Dial 'M' for...

"It's about the music. It's always been about the music."  Madonna, at some crappy award show a few years ago.

"It's not about the music, man." Neil Young to David Crosby.

Okay, let's make it be the music that we dial up first. What do ya say?

I started listening to my walkman shortly after Front Royal, VA.  I was listening to it just at night in the shelters. One day Sundown recommended that I listen to it while I hike. Groovin' Moose ridiculed me for even considering it. I tried it and absolutely loved it. Following are some songs that had some meaning, or not. I can't promise that this will be the least bit interesting. Hell, I can't even promise to get the names of the songs and bands right. I am an old man, you know?

The Song of the Hike has to be "Got You Where I Want You" by The Flys. This song always pumped me up. Climbing a hill in a 33* rain in Georgia was no problem when this song started. Fists went into the air, feet went into the ground. (Or, something like that.)  I felt invincible when this song was on. If you feel it, it must be. Right?

The song I heard the most on the hike had to be "I Want to Fly Away" by Lenny Kravitz. It was pretty good at getting the adrenaline flowing as well.

Creed, the Band of the Hike, has several songs I'll always relate to the hike. One, My Own Prison, What's This Life For? were all solid hits. The CD "My Own Prison" now sits on my PC and reminds me of hiking in southern Virginia and northern Tennessee.

The CD/Album/Tape of the Hike would easily be MatchBox 20's "Yourself Or Someone Like You". Mike Henderson sent me this on a tape. The other side was Third Eye Blind's "Loosing A Whole Year" (I think that's the name of it.) I would listen to this tape non-stop, for 20+ miles a day. MB20 is a strong CD. I also had Nirvana "Unplugged" and a Cake CD on another tape. I liked both of these, too. Let the record show that Mike also sent me some crap, too. Lucious Jackson? Give me a break  :-)

U2 stuff: U2 is one of my all-time favorite bands. Several songs are very inspirational (for lack of a better word.) to me. I'll never forget standing on the rock outcropping with the wonderful view of the James River valley. I had assumed, naturally, that classic hiker pose: Leaning on my hiking sticks, slightly in front of me, facing a strong wind. I looked at my shadow on the rocks. I loved seeing that pack on my back. I realized that "Still Haven't Found What I'm Looking For" was on in my headphones. I smirked at the irony and thought, "Who has, my friend." It was times like this that made my head want to explode. I'm not sure why. And, that's okay.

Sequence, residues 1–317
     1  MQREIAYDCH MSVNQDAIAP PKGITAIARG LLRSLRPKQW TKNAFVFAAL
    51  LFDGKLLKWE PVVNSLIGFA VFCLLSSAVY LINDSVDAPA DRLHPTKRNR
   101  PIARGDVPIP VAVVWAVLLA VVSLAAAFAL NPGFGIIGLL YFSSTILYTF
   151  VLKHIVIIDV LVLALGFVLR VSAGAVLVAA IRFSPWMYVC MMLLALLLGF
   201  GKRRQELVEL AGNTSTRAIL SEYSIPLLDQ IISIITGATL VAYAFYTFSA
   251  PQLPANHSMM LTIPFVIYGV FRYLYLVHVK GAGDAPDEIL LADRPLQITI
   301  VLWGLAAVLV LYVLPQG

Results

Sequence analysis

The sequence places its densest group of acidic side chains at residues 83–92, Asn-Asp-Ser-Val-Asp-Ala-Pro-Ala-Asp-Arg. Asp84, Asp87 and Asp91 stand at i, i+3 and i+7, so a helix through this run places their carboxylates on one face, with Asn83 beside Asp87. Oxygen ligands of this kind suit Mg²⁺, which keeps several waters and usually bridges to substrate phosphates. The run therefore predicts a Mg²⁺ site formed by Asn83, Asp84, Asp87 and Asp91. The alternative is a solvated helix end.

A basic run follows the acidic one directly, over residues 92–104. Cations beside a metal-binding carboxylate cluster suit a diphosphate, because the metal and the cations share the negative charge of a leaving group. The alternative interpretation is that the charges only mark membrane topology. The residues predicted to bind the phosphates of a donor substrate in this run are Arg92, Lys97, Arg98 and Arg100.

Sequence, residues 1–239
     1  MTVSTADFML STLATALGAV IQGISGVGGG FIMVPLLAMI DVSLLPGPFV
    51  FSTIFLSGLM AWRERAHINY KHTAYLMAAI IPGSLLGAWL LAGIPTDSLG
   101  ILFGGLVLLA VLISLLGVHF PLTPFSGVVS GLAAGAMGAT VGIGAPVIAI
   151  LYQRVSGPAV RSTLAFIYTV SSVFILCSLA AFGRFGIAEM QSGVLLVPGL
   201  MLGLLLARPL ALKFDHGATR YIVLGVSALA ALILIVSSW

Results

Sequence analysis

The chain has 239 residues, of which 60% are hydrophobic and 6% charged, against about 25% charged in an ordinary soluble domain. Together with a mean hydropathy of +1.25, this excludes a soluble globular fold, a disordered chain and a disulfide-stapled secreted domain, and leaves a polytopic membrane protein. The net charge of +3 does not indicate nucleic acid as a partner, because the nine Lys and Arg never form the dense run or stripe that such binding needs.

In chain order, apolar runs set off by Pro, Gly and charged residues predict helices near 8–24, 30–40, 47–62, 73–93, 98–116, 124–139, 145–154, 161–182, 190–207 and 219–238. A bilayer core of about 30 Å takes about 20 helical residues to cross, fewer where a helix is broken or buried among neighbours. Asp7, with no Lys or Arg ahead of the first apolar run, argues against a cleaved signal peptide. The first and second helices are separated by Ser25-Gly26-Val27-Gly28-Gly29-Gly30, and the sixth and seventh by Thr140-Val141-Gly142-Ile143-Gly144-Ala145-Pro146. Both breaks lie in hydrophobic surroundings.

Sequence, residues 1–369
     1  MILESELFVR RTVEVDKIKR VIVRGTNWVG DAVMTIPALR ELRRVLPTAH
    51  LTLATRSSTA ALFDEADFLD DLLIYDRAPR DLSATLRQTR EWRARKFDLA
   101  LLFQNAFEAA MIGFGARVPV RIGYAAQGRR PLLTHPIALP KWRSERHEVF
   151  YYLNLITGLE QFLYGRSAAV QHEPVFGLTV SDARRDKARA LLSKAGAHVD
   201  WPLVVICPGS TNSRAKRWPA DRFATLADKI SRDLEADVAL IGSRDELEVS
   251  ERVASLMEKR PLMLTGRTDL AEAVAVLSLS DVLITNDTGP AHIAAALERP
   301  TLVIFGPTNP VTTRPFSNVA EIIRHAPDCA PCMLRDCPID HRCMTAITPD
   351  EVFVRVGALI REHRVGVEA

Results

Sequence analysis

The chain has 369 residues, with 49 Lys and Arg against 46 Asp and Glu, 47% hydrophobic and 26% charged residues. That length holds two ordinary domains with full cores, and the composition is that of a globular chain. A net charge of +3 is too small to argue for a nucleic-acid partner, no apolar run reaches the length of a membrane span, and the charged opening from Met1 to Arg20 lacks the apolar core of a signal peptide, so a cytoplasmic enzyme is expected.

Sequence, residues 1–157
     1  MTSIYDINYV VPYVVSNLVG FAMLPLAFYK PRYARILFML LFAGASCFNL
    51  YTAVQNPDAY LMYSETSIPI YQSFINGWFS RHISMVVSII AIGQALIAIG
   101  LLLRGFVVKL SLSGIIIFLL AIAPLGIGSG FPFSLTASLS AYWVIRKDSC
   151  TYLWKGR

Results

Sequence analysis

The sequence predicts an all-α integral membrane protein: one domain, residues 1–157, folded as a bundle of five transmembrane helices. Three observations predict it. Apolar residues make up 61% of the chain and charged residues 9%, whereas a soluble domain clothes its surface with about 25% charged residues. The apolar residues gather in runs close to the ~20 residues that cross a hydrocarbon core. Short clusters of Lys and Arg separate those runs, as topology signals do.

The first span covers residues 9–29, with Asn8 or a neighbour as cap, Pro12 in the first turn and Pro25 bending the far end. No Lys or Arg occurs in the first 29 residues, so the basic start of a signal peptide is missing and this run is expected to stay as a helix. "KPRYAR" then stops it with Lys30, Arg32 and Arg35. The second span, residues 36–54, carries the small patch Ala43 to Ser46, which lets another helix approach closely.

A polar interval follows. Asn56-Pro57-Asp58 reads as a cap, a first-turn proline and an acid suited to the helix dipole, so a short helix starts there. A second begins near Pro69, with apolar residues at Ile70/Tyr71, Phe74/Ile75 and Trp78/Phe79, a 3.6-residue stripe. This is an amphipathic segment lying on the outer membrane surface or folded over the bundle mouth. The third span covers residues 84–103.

U2 also had a new song released whilst I was hiking. "She's the Sweetest Thing" I think it is called. I like the song, but don't necessarily crave it. The thing that I'll always remember when I hear it is walking in the snow along a farm-type road somewhere around Big Bald (NC). As I was walking, I noticed bear tracks in the groove of the road I was walking on. I followed them for about 30 yards and they exited left. "Yeah!!!" I said. Yeah, indeed.

December 26th has been well-documented as my favorite day on the Trail. It was the day that took me across Clingman's Dome, the highest point on the Trail. While I was standing on the tower, alone, in a strong wind and 20* temps, John Mellencamp's "Your Life Is Now" played. It was the first time I'd ever heard it. And it was...

Later that same day...I got to Spence Field Shelter at mid-twilight. (That could mean several things) Anyway, it was just before dark. I wasn't ready to stop. I at a snack at the shelter and decided to head back to the Trail. Right as I got the the AT and the shelter sidetrail junction, "Got You Where I Want You" started and I knew I had made the right decision to keep on hiking. I hiked 5 more miles and felt incredible.

Some other songs that I really liked, or at least didn't hate, that will always take me somewhere on the Trail:

Shawn Mullins.............Rockaby
New Radicals..........You Get What You Give
Beastie Boys..........Intergalactic Planetary
Cake..............Never There (And others)
Goo Goo Dolls...........Slide
Better Than Ezra.....At the Stars
Eve6..............Leech and Inside Out
Sould Coughing..............Circles
Rob Zombie.............Dragula and Living Dead Girl
Sugar Ray............Every Morning  (and some other one)
Bare Naked Ladies..........One Week   (this was nearly the Song of the Hike)
Placebo.....................Pure Morning
Monster Magnet..............Power Trip and Space Lord
Everclear..................Father of Mine (Daddy Gave Me a Name?)
Stabbing Westward.........Save Yourself
Eagle-eye Cherry............Save Tonight
Pearl Jam.................(Live) Elderly Woman Behind the Counter in a Small Town
Tin Star................Head
Metallica...................Turn the Page
Hole...................Celebrity (?)
Korn..............Got the Life, Freak on a Leash

Well, that's enuff for now. The summary would have to be: I am very glad that I decided to hike with my music. I can't imagine hiking without it in the future.

Now, let's Dial "M" for....